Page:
Information for Faculty & Staff »
Plagiarism: What It Is, How to Avoid It, and How to Detect It
What Is It?
The Oxford American dictionary defines plagiarism as "(the use of) another person's ideas or writings or inventions as one's own." The Merriam-Webster Online Dictionary adds the following entries for plagiarism:
- to use without crediting the source.
- to present as new and original an idea or product derived from an existing source.
- to commit literary theft.
The UALR Student Handbook defines it as:
“To adopt and reproduce as one’s own, to appropriate to one’s own use, and incorporate in one’s own work without acknowledgement the ideas or passages from the writings or works of others.”
How Do I Avoid It?
United States copyright laws protect intellectual property rights. A basic overview of these protections can be found at http://www.copyright-laws.com/pgs/copyright-basics.html.
- Generally if a fact is well known (common knowledge) it does not need a citation.
- Information extracted from an encyclopedia, such as a date, usually does not need to be cited.
- If in doubt, offer a citation for your source, and as always, it is best to check with your instructor about the specific guidelines required for formatting the citations in your research paper.
How Do I Detect It?
Faculty have over the years developed several strategies for detecting plagiarism—most of which involve a lot of time checking and reviewing students’ sources. The advent of the Internet has made plagairism easier to commit, but it has also provided some tools to make it easier to detect.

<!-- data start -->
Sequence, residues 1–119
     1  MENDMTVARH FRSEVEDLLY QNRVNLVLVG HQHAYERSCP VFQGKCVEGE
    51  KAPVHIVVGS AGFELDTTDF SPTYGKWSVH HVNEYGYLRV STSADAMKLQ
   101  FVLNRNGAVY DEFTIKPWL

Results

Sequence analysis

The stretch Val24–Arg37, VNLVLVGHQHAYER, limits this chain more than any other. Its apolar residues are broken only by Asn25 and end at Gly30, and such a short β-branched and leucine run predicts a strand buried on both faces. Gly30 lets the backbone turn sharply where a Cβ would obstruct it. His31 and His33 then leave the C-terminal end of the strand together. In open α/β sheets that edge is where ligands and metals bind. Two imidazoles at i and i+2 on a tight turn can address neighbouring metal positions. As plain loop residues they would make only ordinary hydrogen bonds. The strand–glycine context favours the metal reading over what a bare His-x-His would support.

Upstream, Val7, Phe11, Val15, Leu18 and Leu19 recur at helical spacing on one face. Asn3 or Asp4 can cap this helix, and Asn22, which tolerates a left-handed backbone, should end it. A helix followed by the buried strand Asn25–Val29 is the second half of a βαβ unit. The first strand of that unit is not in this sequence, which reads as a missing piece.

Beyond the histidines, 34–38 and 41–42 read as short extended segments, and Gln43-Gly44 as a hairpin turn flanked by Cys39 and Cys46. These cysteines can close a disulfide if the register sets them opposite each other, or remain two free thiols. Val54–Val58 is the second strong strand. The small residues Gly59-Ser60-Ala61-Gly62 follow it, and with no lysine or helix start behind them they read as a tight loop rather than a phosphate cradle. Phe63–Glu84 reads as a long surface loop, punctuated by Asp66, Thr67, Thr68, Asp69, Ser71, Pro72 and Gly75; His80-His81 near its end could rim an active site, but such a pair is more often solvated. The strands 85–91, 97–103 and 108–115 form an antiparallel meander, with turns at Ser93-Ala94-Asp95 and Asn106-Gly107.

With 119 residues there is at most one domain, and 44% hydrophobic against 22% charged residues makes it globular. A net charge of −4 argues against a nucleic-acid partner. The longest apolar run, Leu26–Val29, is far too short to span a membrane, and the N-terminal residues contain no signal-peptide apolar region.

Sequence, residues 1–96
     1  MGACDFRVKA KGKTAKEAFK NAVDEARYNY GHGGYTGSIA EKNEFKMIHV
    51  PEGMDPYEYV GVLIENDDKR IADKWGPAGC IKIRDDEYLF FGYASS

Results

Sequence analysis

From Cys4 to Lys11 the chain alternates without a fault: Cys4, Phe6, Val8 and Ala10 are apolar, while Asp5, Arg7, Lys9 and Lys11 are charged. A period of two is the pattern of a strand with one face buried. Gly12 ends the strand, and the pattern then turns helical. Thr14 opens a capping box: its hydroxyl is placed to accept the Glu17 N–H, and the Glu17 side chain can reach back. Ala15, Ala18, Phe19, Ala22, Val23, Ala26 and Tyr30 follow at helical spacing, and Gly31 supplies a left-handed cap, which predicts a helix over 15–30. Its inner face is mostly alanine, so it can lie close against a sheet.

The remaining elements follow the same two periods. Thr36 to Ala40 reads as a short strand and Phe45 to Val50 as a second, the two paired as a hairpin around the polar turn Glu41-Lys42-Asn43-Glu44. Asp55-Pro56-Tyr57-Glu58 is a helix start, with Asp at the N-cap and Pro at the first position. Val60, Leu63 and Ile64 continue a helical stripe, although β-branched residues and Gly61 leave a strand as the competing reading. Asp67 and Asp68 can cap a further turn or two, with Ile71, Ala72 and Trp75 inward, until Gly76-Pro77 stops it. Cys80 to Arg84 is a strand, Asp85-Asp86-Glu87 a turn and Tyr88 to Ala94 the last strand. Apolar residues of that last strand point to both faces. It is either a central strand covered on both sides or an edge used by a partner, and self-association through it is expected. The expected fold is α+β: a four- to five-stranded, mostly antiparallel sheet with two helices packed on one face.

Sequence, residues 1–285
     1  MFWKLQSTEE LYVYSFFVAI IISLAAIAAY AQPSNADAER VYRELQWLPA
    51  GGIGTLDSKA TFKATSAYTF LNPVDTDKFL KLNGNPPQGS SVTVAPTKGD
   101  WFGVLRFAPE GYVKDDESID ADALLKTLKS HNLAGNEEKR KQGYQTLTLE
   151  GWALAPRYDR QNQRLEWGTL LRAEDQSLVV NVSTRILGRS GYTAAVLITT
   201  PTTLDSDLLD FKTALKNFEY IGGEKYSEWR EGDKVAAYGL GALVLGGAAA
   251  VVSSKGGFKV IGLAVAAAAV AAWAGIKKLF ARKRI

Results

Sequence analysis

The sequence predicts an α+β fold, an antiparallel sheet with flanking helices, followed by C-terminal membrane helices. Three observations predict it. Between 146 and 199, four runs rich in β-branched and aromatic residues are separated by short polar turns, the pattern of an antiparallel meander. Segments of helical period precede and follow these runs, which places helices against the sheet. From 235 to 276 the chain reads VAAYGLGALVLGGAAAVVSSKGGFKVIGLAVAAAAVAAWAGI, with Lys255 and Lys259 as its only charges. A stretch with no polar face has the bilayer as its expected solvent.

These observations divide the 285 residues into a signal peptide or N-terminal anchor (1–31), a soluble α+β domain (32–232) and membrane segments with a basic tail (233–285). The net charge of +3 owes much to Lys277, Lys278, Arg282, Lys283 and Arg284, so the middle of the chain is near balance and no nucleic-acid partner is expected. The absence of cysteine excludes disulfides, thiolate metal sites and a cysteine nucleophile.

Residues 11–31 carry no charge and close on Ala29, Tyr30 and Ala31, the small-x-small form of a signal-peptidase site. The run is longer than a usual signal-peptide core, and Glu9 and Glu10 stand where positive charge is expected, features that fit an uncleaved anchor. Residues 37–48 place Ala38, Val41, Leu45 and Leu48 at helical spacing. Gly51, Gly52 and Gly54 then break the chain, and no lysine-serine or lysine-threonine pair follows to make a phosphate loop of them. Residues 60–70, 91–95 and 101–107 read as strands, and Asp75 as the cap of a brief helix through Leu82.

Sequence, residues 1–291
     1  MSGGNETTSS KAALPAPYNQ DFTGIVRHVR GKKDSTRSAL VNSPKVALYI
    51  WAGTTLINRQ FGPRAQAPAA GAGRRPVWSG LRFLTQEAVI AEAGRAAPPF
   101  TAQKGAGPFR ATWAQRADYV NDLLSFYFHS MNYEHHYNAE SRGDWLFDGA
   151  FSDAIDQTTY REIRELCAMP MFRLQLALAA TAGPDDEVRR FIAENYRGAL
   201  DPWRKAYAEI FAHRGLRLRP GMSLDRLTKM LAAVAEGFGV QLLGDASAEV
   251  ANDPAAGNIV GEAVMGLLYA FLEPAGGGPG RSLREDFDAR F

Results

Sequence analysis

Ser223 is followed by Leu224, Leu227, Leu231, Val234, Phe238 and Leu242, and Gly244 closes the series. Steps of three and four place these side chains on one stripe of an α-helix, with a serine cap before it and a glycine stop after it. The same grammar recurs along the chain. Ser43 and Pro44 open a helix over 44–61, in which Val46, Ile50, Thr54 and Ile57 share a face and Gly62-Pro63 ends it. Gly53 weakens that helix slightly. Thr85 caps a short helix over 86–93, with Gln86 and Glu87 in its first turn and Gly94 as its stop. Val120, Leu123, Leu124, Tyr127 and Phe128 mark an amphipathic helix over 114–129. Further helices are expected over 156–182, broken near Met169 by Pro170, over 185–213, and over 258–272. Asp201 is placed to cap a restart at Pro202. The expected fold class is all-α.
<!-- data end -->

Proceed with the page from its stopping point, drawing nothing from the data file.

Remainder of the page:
The best known strategy is to “Google” or otherwise search the Internet for selected phrases from a student’s written work to see if it matches any existing electronic source. This strategy, however, may not detect papers or other text that have come from a non-electronic source or from what have been called the “paper mills.”
How Do I Help Students Avoid It?
The Plagairism section of this website under Information for Students is a resource for your students. Please consider including a link to that section (and to Copyright Central in general), on your course syllabus and/or handouts. Other resources are listed under the More Resources for faculty and staff that you could share with your students.
Remember that copyright is an area where there is still much ambiguity. Future legislation and court decisions will continue to shape copyright law. Information provided on this website should not be construed as legal advice.